• • Certain illusions are known to occur in particular fight conditions:
    • • Approach and landing
    • • Mid-air collisions
    • • High speed, low level
    • • High altitudes
    • • Over water
    • • Flying at night
  30. 1. Illusions on Approach and Landing?
    • • Judging an approach depends on:
    • • Size and shape of runway – width, length, slope
    • • Changing runway perspective
    • • Ambient visual cues & motion parallax
    • • Terrain cues
    • • texture
    • • features, natural and man-made
    • • vegetation
  31. Longer runways?
    • • feel higher so fly lower
    • • may land short
  32. Shorter runway?
    • • feel lower so fly higher
    • • may land long
  33. Narrow runway:?
    • • looks further away
    • • risk late flare and landing short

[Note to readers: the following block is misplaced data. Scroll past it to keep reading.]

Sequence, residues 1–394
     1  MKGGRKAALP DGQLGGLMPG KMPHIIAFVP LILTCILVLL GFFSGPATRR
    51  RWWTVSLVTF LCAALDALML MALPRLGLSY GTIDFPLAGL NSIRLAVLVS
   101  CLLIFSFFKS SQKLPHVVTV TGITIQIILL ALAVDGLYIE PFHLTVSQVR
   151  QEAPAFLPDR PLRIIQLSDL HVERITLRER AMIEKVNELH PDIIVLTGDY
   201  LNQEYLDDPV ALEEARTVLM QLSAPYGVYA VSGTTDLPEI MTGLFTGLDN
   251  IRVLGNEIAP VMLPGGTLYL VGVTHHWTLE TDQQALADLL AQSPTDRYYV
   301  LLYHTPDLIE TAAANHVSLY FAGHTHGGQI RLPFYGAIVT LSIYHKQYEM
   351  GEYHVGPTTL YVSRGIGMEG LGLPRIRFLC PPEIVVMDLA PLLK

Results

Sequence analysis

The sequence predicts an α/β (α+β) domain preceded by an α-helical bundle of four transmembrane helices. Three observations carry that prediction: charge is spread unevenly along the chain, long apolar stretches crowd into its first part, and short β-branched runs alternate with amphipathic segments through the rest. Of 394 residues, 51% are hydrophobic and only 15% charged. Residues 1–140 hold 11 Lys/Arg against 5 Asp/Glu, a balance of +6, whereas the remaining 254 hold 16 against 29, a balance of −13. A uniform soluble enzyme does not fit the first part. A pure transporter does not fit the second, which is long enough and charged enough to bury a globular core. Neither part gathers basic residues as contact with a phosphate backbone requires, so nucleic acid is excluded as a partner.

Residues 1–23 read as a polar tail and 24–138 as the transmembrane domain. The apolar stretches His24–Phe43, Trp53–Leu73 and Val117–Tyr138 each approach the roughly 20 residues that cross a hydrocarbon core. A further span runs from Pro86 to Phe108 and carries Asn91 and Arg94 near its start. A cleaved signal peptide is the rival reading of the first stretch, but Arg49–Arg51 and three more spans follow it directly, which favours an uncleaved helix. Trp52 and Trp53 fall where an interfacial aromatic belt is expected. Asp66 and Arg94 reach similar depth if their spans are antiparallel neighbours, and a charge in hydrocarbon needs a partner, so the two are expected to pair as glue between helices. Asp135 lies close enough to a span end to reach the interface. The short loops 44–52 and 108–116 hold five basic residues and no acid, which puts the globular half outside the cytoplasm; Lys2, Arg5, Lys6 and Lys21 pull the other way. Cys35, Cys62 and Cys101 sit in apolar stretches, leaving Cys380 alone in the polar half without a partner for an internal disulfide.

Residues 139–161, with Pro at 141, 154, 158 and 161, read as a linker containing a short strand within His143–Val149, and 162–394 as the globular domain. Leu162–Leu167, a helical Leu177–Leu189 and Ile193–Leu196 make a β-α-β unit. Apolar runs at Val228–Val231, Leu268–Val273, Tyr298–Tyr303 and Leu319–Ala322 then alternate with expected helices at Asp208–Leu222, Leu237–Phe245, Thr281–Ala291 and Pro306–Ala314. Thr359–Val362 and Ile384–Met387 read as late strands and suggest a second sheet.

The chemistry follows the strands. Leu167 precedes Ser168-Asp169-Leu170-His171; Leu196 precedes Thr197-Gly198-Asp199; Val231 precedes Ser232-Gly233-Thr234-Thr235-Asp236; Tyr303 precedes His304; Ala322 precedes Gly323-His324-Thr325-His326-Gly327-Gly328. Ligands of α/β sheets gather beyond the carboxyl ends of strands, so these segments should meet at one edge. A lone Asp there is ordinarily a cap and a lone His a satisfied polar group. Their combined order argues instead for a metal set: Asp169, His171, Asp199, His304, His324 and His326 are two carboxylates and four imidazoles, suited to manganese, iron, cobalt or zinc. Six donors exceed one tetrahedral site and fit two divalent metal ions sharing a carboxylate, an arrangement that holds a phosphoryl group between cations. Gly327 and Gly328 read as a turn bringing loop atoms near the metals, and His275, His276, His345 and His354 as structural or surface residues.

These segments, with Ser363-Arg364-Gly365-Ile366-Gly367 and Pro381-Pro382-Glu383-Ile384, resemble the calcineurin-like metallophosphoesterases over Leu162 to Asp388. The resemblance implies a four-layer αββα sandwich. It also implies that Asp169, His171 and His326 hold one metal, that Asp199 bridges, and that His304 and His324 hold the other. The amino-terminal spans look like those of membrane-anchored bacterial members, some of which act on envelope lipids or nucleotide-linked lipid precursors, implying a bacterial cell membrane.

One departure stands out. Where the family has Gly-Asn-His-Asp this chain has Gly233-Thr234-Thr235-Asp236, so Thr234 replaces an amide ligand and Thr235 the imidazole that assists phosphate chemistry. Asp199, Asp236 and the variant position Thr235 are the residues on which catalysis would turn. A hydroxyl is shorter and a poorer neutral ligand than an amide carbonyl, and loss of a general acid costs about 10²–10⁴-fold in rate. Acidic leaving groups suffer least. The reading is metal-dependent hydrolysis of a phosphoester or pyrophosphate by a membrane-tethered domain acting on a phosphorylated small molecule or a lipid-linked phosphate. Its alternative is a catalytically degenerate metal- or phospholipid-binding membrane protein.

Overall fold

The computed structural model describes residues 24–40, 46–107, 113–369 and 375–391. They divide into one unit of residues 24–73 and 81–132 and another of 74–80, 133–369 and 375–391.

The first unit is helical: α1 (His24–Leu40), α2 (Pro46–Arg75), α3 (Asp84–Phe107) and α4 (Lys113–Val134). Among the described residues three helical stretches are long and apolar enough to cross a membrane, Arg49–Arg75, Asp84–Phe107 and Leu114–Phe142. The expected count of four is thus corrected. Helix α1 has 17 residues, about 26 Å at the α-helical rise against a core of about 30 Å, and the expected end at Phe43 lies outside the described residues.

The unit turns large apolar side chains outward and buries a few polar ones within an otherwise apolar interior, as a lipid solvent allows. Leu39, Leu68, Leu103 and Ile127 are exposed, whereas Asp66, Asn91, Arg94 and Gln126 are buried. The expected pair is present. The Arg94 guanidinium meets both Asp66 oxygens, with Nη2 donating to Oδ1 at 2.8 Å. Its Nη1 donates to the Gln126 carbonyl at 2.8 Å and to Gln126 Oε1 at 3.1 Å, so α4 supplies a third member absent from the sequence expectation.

34. Wider runway:?
    • • feel close/low so approach high
    • • risk flaring early and landing long
  35. Terrain?
    • • Sloping terrain under approach path
    • • Featureless terrain
    • •snow
    • •smooth water
    • • Surrounding vegetation
  36. Runway Up-sloping?
    • •See more runway
    • •Feel high so fly low
  37. Runway Down-sloping?
    • •See less runway
    • •Feel low so fly high
  38. Preventing Midair Collisions?
    • • Scanning technique:
    • • Short, regularly spaced eye fixations across the field of vision
    • • Use both eye and head movements to maximise field of regard, and avoid aircraft structures
  39. 3. High Speed, Low Level?
    • • Visual performance degraded by:
    • • Blur zone
    • • Limited perception time
    • • Vibration
    • • Atmospheric conditions
    • • Other problems:
    • • Target acquisition more difficult
    • • Bird-strike more of a risk
  40. 4. High Altitude Flight?
    • • Likely Illusions:
    • • Empty field myopia
    • • Horizon illusions
    • • Other problems:
    • • Glare is worse
    • • UV radiation exposure, possible cataracts
  41. 5. Over-Water Flight?
    • Visual performance degraded by:
    • Poor height/motion cues
    • • Horizon definition
    • • Glare off water
    • • Empty field myopia
    • • Landing illusions
  42. Glare?
    • • Glare is an intrusive light source